By Adam Lovinus
By Lilledeshan Bose
By Gabriel San Roman
By Rachel Mattice
By Stephanie Zacharek
By Daniel Kohn
By Nate Jackson
By Mike Seeley
When you're at something as ugly as the Warped Tour, its impossible not to note the buttwad of atrocities, most of which have nothing to do with what's happening on a stage—though there were a few of those, too.
Let's begin with organizing. Whose dazzling idea was it to hold a huge music fest in a big field but include only two food stands—a burger booth and a Dominos? At peak periods, gargantuan lines stretched out at least half a football field from each. At Hootenanny a week earlier, there were plenty of food vendors for a crowd probably half the size of the Warped mob. And we're sure, had any been around Warped, that health inspectors would've been as appalled as we were at the sight of uncovered mayonnaise packets slow-roasting in the July sun (botulism—it's the new punk!). Particularly bizarre was the Subway sandwich stand with no food of any kind—a fact hungry, desperate kids didn't know until they crawled up to the booth and were met with rude, hand-drawn signs proclaiming, "NO, WE DO NOT HAVE ANY FOOD HERE!"
Water was plentiful. And Warped was educational: parents were invited to hang out in an air-conditioned room while their kids ran off to realize how hopelessly vacant bands like Sum 41 really are. But with a silly sign on the tent flap that announced PARENTS ONLY, the only spot people could go for genuine heat relief became idiotically exclusive. Why not also an air-conditioned space for the Warped youth, too? Or were promoters afraid that their target market would hang out there all day and not buy band swag?
Let's continue with scheduling. Our ticket, at least, said the thing would start at noon. So we were quite surprised to receive a copy of the set schedule when we arrived that revealed several bands had already played and left, some as early as 10:45 a.m. Popular and on-the-rise acts like Andrew W.K., the Suicide Machines and Vendetta Red had wrapped up their half-hour sets before noon. Apparently this had something to do with a carved-in-stone 7 p.m. curfew, yet, as far as we could tell, zero effort had been put into letting ticketholders know, even on the Warped website. Were refunds given to anyone who asked for one? God, we sure hope so.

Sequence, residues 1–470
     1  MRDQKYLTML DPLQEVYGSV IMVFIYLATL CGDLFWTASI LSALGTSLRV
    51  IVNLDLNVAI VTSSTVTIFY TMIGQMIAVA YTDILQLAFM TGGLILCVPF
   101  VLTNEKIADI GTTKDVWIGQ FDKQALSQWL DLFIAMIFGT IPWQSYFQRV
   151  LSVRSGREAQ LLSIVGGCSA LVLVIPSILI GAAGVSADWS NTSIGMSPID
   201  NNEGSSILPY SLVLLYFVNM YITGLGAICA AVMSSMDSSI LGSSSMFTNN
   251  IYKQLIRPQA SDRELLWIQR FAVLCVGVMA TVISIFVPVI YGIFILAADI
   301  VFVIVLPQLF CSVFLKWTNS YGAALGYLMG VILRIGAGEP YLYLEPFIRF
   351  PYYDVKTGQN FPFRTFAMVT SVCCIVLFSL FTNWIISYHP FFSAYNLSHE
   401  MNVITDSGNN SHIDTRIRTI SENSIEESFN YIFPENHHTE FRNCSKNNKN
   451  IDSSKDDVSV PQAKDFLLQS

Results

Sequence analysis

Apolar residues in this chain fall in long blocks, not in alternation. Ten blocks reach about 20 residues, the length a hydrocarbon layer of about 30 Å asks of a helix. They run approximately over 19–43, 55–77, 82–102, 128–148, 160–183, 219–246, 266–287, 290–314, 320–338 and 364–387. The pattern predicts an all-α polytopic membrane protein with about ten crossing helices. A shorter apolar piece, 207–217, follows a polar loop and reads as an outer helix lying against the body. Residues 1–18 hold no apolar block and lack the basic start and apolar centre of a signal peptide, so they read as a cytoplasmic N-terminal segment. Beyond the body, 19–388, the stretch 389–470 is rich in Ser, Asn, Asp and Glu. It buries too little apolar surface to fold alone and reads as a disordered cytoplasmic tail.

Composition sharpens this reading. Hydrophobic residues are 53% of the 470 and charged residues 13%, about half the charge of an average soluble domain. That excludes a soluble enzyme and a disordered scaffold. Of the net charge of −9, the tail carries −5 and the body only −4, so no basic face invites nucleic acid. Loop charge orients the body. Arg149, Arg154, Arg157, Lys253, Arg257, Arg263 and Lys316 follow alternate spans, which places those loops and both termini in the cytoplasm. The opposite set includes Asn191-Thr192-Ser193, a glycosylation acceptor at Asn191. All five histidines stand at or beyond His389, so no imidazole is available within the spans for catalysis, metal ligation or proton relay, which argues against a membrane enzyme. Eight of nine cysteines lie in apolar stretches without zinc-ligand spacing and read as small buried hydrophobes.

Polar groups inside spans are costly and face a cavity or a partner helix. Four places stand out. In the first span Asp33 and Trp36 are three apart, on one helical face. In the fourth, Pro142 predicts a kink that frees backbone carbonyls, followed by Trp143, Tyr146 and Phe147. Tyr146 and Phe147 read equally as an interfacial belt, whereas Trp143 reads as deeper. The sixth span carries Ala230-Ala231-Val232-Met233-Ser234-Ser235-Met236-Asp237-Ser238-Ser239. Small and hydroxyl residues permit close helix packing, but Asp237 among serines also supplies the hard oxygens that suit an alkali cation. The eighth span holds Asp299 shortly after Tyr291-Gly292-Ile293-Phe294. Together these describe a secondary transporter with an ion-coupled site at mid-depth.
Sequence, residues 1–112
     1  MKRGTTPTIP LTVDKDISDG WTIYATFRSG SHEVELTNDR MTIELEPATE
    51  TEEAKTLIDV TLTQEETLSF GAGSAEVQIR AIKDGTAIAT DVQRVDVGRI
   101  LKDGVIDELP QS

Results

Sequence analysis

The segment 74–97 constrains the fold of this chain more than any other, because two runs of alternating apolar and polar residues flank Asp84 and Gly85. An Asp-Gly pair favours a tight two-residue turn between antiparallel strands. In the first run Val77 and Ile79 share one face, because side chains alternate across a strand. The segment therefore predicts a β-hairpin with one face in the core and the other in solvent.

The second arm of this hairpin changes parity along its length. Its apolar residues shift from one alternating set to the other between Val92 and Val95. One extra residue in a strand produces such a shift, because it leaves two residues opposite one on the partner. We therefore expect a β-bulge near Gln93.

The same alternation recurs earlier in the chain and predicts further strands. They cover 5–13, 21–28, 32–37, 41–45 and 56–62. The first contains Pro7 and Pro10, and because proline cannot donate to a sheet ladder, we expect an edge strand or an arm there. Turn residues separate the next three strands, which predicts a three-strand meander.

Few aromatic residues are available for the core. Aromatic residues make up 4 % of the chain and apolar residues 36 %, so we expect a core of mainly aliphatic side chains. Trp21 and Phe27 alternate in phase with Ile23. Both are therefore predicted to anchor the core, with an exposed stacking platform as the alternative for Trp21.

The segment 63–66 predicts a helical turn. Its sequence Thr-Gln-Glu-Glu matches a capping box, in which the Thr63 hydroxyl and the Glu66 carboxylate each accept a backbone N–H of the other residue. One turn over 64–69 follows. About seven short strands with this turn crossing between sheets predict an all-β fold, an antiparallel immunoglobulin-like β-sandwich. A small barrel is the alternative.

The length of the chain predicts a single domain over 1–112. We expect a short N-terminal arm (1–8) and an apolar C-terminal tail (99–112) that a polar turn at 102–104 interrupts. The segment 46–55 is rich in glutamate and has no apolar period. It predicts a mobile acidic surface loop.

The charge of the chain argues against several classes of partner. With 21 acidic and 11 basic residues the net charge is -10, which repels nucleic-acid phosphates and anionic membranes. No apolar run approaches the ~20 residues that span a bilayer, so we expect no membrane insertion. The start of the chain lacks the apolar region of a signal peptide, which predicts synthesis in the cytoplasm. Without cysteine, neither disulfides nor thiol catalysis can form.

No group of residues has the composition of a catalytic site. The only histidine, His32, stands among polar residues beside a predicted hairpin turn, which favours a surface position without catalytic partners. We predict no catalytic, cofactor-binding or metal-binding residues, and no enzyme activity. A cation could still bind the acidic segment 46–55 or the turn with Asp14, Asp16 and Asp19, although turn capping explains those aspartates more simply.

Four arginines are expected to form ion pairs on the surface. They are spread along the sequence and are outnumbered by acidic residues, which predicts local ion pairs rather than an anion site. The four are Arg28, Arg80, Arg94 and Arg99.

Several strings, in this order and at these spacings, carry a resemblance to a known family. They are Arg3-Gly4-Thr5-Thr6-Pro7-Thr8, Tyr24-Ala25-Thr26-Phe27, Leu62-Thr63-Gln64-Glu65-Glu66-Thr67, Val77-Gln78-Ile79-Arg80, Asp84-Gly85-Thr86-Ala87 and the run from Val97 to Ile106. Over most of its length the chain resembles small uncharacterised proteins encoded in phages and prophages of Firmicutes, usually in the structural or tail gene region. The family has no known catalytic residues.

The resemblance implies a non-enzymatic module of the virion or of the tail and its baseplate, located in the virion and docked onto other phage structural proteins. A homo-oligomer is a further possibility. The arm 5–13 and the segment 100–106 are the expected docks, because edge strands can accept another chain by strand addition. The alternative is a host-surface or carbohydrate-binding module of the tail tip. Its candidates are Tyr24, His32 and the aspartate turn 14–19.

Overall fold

Two easy suggestions for Goldenvoice, who really ought to know better from the way they operate the much-better-run Coachella fest: give everyone who enters each Warped venue a map showing where each stage is so people don't have to search (yeah, we know the layout for each tour stop is different, but spend a little extra money; you can make it happen). And knock it off with switching band set times around, too, which is how Rancid could close a show one day and open the next. Bands may like it like that, but it just aggravates customers.
For those who've become accustomed to cable news, we conclude with this crawl across the bottom of your screen: The venue was directly beneath the approach path of Long Beach Airport, and the roar of jet engines was frequently more preferable than the music . . . The best band we saw was an unbilled act called the Angry Frenchmen, a slice-o-shtick crafted by four guys who played relatively unlistenable screamcore dreck, but did so in tight, horizontally-striped shirts, berets and Magic Markered-on moustaches while insulting all things American—in French, of course . . . The hip-hop/freestyle booth was great fun; it seemed like the farther we got from electric guitars, the better we felt . . . To the girls who asked us what time New Found Glory were going on: just because your fave band played the Warped Tour one year doesn't mean they play it every year . . . The Dropkick Murphys looked like a good time from a distance, yet there's something uncomfortably Aryan about their music—even more so with their fans—that's always stopped us from totally embracing them . . . Kids: trucker caps look stupid on you . . . To all the Thrice fans who kept booing and finger-flipping Simple Plan: just because you're all 11-year-olds doesn't mean you have to act like 11-year-olds . . . Worst band of the day: a hunk of dickcheese called 1208, whose spoken profundities reached no greater heights than "Fuck!," "Let's party!" and "Fuck, yeah!" Actually, they're the worst band ever. (Rich Kane)